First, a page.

7. Market Research
Now that you have defined who your customers are, you need to provide some evidence that your assumptions are correct and that these people really will buy what it is you are offering. You can do this by carrying out some market research. Please do not be tempted to skimp on this section. It can seem a little daunting if you have not done it before, but it does not need to be too difficult or time consuming if you just follow the process outlined below. The alternative is to approach funders with a big gap in your plan that will be instantly identified by any experienced investor. It really is important to do this properly, so do not be tempted to just limit your research to a few friends or colleagues.
There are three types of research that you can do:
Desk Top Research
This is where you find out as much as you can about the market in which you plan to operate, by doing research from your desk via the internet, etc. Any investor will want to be convinced that you understand the market place, so you need to make sure you include key facts and statistics in your plan.
You need to include information on the size of the market and the likely portion of that which you will be able to tap into. Key facts are the value of sales in your market sector at the moment and how many sales there are per annum. You should demonstrate an understanding of any recent trends that have taken place – is it an expanding or contracting market, and if so why? Does the level of sales vary with the time of year; is it dependent or influenced by other events or circumstances beyond your control, etc.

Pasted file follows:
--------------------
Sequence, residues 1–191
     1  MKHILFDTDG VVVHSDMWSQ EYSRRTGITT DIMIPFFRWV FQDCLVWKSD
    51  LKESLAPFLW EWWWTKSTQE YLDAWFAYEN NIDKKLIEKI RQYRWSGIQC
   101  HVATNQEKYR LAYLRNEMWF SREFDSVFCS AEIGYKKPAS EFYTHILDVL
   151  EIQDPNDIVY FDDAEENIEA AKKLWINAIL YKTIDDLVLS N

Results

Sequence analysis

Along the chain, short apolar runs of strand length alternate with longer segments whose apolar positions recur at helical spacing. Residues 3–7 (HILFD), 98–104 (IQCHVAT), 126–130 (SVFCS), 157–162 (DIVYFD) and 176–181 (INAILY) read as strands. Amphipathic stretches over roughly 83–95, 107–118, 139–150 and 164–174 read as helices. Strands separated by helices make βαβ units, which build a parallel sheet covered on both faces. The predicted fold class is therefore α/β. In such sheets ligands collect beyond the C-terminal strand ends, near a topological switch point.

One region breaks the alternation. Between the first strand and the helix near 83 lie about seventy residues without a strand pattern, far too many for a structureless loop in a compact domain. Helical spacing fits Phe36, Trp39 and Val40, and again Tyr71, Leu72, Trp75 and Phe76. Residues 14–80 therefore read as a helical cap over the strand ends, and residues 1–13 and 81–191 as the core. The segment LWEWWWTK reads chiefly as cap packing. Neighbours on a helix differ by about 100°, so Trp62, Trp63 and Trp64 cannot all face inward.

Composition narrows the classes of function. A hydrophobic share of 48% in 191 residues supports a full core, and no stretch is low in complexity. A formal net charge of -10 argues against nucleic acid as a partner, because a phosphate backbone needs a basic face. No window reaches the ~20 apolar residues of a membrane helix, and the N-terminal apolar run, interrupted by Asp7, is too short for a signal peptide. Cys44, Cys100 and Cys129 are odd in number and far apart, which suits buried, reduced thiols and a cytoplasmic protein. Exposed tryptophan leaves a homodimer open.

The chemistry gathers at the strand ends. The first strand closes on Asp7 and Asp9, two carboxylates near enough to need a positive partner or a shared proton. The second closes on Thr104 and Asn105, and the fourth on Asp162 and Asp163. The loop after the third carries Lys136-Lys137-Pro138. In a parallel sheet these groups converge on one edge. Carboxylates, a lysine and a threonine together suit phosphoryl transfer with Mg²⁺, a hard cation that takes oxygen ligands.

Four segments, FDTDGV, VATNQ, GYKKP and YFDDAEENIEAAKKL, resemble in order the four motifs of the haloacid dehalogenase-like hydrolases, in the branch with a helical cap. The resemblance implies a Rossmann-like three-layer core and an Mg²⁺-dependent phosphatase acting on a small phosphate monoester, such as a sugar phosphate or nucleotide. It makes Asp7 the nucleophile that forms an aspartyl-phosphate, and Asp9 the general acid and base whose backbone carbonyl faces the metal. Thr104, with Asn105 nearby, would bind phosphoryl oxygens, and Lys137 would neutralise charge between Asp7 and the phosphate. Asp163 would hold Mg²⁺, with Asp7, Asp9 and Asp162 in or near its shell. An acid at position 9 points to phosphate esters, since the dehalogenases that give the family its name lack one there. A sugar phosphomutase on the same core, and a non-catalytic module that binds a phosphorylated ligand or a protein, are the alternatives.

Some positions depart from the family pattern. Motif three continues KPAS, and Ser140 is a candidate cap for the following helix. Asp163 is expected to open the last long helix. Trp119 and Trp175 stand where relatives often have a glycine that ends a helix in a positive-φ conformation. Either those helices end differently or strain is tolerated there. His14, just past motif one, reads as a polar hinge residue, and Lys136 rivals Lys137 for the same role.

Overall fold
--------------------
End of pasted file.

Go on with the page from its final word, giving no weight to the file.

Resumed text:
A useful resource for general statistics is www.statistics.gov.uk/
The other key element of market research is known as field research, where you do work ‘in the field’ and get direct feedback from the people who are your potential customers.
The best way to do this is to compile a questionnaire for your potential clients to complete. The key to a good questionnaire is to keep it brief and make it simple to respond to. So ideally it should be no more than one side of A4 and have mainly yes or no answers, or a simple tick box. For example you could be asking people to tick one of five boxes from ‘strongly agree’ to ‘strongly disagree’.
You need to make sure you ask questions that really matter for the success of your business. The questions need to be specific and address crucial factors such as which businesses do they use at the moment, are they interested in your product/service, would they pay your prices, what would make them buy from you instead their current supplier, etc. You should also see if you can get permission to retain their contact details for when you launch your company.